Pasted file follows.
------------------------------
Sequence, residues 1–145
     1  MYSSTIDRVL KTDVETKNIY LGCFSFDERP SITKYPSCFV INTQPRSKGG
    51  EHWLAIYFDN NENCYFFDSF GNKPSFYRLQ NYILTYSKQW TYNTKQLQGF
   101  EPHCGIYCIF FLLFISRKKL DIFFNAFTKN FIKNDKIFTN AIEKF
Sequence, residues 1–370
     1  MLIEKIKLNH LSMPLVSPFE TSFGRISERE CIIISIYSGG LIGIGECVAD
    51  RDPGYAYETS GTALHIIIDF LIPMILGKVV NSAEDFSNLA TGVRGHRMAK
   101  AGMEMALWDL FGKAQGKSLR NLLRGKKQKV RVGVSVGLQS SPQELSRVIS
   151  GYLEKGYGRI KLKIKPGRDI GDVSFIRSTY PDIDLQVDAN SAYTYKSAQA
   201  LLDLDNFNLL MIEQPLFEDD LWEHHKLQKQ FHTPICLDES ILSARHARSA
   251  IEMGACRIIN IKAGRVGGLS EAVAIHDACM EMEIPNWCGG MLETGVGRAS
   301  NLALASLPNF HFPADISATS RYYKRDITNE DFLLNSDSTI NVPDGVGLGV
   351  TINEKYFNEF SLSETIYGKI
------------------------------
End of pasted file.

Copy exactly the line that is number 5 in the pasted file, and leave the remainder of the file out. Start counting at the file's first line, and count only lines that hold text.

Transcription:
Sequence, residues 1–370